Computer Crime Research Center


Fighting crime with a click of a mouse

Date: July 07, 2008

Instead of a pistol, Pol Lt-Col Panya Chaaimtet arms himself with a computer notebook. He is more agile manoeuvring a mouse, hunting for criminals on the internet, than handling a conventional weapon.

He and a colleague, Pol Maj Mingmontri Siripong, helped secure the arrest on June 10 of Boonyarit Arunsap, webmaster of, a pornographic website.

The website, which initially served as a public forum for internet users, was found to contain many lewd photos.

Police charged Mr Boonyarit with allowing the posting of sexually obscene content for commercial purposes. He claims his website users posted them, not him.

He could be fined up to 100,000 baht and jailed for up to five years under the 2008 Computer Crime Act.

Police believe there are 300 Thai-based porn websites. They are unlikely to catch all the culprits, though the force has specialist investigators such as Pol Lt-Col Panya and his colleague whose job is to track them down.

Pol Lt-Col Panya and Pol Maj Mingmontri work as cyber police for the Crimes against Children, Juveniles and Women Suppression Division.

Pol Lt-Col Panya describes the internet as a place "where criminals can be identified, but cannot easily be found".

They admit they are inferior to cyber criminals in terms of technology.

Often, even when they do manage to track down evidence, it cannot be used to identify wrongdoers.

"To prove to a court that a cyber criminal is this or that person is difficult," said Pol Maj Mingmontri.

Some webmasters use fake names when they rent space on computer servers to store picture and text files. Others deny being the website owners, or try to cover their tracks on the Web by using internet cafes.

Cyber police can track down offenders via the IP (internet protocol) address of their computer. That address usually points to the user's phone number, registered with the stated-owned TOT or CAT companies.

Some webmasters running porn sites use public computers to better disguise their identity.

The owners of porn sites usually turn up late at night and use the computers for hours at a time, Pol Lt-Col Panya said. Internet shop owners have been asked to report any suspicious activity.

Police focus their crackdown on webmasters who create, organise, and maintain the websites, because the number of ordinary internet users who post obscene pictures is so big that they cannot arrest them all, Pol Maj Mingmontri said.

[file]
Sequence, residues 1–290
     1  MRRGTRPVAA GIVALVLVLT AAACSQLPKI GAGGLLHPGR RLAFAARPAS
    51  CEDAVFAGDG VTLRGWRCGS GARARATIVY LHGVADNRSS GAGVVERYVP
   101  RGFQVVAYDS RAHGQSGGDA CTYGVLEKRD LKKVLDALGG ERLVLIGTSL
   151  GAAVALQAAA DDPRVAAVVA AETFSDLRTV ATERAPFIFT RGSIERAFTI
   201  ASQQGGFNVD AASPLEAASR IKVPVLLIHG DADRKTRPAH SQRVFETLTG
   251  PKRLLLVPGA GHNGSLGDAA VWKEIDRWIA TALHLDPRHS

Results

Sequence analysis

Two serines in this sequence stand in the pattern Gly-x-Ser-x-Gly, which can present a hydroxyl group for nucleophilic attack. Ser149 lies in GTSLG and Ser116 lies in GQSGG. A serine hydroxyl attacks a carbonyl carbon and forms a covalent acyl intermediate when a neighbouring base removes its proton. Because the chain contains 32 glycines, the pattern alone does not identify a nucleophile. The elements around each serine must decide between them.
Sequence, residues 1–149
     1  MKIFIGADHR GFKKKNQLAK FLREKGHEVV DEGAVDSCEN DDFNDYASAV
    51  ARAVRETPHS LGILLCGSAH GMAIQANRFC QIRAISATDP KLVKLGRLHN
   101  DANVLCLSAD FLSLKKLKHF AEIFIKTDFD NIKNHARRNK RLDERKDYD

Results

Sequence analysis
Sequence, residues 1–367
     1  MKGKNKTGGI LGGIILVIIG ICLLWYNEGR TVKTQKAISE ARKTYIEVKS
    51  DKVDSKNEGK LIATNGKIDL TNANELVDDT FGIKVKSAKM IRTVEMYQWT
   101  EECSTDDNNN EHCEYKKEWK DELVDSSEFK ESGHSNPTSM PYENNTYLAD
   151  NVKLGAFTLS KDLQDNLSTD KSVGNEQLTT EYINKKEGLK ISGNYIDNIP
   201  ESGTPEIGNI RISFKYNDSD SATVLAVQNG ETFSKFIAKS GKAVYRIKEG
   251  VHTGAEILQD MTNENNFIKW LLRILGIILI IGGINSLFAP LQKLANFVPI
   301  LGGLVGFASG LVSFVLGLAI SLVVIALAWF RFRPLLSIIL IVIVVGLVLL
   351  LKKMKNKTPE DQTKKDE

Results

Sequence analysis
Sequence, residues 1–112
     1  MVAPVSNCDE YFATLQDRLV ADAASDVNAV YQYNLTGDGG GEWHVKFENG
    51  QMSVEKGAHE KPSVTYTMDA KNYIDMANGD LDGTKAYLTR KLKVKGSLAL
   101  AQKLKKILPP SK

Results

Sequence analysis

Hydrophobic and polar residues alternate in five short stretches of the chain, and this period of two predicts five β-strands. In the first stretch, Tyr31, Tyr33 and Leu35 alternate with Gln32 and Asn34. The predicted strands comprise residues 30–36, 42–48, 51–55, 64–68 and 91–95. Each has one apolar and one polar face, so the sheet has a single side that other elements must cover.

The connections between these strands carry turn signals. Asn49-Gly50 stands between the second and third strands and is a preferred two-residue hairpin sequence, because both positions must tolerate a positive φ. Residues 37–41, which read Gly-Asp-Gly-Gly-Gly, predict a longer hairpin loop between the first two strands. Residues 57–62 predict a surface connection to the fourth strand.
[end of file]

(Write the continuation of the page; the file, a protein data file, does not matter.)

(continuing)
Both webmasters and internet users who post such photos on public forums are considered wrongdoers under the Computer Crime Act, and can be fined or jailed.

Police can start investigations into websites which distribute sexually explicit photos for commercial purposes themselves, or as as soon as they receive complaints from victims.

"We can look for clues left in the email of webmasters," said Pol Lt-Col Panya.

His team is keeping a close watch on 10 websites which sell sexually obscene photos by working with companies which provide mobile phone services.

Clients send messages at a price of 15 baht to them, and in return they get user names and passwords to gain access to the pornographic sites.

He said police do not aim to arrest the owners of all porn websites, as there are too many. They target the large ones, in the hope that if they can arrest their owners, the smaller ones might be frightened into closing.

However, police cannot get access to information on webmasters who register with servers in foreign countries.

The cyber crimes division does not require a big budget, as police do not have to leave the office to catch offenders. But the rising number of criminals on the internet does cause them concern.

"It is increasing at a rate that makes the number of our year-round arrests look small," Pol Lt-Col Panya said.

The crackdown can at least frighten some website owners into stopping. Others protect their websites by restricting access to adults users. This blocks underage visitors from entering, he said.

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